Huckleberry "Huck" Finn is a boy about fourteen. He has been brought up by his father, the town drunk, and has a hard time fitting into society. Huck has been placed under the guardianship of the Widow Douglas, who, together with her sister, Miss Watson, are attempting to civilize him. The story is set in fictional St. Petersburg, Missouri, on the shore of the Mississippi River.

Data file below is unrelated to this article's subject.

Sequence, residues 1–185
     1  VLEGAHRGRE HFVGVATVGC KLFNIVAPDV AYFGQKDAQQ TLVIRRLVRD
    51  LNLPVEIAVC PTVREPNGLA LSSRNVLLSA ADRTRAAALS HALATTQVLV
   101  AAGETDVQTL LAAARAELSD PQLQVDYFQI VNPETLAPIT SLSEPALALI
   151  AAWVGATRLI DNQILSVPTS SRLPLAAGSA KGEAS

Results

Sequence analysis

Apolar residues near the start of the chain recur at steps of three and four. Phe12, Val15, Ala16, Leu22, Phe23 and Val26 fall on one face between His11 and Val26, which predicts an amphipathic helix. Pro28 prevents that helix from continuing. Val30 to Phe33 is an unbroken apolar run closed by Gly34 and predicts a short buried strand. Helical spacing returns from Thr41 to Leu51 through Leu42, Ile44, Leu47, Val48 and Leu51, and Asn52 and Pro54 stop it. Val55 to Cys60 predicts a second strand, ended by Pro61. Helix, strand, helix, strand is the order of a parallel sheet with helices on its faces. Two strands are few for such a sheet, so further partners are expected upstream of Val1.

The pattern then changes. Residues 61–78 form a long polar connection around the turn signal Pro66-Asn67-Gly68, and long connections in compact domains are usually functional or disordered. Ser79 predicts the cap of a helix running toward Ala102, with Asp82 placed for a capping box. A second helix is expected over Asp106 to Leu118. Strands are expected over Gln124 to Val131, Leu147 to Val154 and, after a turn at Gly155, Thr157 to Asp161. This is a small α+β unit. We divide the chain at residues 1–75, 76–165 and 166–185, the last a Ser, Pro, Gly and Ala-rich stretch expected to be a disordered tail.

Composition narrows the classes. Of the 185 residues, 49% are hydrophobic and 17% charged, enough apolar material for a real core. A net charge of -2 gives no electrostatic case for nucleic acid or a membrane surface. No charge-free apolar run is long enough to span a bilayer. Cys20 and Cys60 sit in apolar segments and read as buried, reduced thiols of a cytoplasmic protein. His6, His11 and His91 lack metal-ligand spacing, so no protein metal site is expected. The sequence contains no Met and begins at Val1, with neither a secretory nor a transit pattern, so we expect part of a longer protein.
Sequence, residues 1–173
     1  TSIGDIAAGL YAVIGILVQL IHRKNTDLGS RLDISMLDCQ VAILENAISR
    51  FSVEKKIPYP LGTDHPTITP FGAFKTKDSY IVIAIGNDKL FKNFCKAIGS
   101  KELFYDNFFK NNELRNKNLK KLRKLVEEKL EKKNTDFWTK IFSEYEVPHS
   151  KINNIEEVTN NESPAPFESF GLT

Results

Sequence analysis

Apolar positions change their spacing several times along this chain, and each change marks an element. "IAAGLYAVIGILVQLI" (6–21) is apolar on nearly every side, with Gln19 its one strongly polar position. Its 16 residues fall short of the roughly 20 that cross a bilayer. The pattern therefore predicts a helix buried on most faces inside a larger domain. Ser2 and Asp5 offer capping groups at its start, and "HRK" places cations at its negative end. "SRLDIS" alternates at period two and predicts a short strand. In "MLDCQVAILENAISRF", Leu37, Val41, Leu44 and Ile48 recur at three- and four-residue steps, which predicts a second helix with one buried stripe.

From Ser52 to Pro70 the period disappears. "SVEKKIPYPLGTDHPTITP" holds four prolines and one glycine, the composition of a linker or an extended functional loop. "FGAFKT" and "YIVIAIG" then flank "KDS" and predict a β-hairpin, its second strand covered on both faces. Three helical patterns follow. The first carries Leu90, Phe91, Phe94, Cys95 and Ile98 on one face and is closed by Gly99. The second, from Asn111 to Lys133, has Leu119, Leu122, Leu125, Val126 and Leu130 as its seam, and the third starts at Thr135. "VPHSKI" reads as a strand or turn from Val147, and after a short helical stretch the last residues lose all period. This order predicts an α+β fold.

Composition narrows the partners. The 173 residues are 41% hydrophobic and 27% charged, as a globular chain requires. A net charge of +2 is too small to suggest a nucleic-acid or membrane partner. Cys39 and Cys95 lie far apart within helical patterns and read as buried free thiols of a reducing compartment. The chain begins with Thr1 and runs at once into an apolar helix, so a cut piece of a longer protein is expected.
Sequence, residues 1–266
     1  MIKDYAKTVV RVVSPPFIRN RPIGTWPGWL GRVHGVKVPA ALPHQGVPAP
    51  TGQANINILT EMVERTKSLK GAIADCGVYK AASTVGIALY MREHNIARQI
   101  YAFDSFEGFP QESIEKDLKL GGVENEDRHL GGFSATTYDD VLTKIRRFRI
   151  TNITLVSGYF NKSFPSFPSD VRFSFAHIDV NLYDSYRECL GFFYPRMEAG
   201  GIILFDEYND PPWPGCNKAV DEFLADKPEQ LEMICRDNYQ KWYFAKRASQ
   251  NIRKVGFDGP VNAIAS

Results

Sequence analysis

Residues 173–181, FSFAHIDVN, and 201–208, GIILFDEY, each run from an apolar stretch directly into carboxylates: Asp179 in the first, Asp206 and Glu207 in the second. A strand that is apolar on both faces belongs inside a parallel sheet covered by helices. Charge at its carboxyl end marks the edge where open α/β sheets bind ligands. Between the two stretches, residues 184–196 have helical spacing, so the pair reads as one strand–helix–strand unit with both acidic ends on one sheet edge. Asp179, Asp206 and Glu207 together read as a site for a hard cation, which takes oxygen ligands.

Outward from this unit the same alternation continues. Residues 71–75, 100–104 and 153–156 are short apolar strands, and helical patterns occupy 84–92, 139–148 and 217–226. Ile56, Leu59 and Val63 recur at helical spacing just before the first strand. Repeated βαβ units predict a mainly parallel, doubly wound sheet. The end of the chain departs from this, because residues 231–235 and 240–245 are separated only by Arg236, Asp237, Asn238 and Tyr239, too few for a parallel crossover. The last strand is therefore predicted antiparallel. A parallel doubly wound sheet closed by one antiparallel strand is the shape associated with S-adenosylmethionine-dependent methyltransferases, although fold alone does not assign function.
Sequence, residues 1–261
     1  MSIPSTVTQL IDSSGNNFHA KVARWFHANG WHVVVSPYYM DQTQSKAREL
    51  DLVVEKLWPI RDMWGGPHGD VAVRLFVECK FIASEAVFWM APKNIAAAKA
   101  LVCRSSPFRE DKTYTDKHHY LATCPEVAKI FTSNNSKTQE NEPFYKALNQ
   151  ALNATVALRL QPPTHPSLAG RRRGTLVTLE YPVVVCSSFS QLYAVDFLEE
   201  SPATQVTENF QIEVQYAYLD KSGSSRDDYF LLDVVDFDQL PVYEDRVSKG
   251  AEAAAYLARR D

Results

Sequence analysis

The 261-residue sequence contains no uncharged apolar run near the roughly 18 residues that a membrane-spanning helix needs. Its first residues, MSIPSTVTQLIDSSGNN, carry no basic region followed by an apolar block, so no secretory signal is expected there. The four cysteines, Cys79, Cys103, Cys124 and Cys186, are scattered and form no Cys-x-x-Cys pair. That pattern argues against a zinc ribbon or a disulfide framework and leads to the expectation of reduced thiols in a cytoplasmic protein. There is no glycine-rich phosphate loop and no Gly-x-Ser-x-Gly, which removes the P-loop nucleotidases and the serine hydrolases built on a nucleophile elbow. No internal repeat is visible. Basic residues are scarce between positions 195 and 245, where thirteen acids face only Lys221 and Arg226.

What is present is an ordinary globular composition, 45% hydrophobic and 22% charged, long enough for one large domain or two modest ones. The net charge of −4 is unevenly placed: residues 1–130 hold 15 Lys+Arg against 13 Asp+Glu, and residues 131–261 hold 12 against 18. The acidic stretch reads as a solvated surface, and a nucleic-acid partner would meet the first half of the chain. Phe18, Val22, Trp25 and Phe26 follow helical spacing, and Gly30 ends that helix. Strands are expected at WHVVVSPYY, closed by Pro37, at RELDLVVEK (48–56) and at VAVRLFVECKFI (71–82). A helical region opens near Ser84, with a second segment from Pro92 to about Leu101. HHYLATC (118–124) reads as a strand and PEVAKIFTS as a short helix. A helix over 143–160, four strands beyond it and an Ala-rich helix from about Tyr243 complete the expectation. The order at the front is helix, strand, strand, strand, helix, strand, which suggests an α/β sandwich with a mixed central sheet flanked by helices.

Commonly named among the Great American Novels, "Adventures of Huckleberry Finn" is among the first in major American literature to be written in the vernacular, characterized by local color regionalism. The book is noted for its colorful description of people and places along the Mississippi River. Satirizing the Southern antebellum society, the work is an often scathing look at entrenched attitudes, particularly racism. It was criticized because of its coarse language and became even more controversial because of its perceived use of racial stereotypes and because of its frequent use of the racial slur "nigger", despite strong arguments that the protagonist, and the tenor of the book, is anti-racist.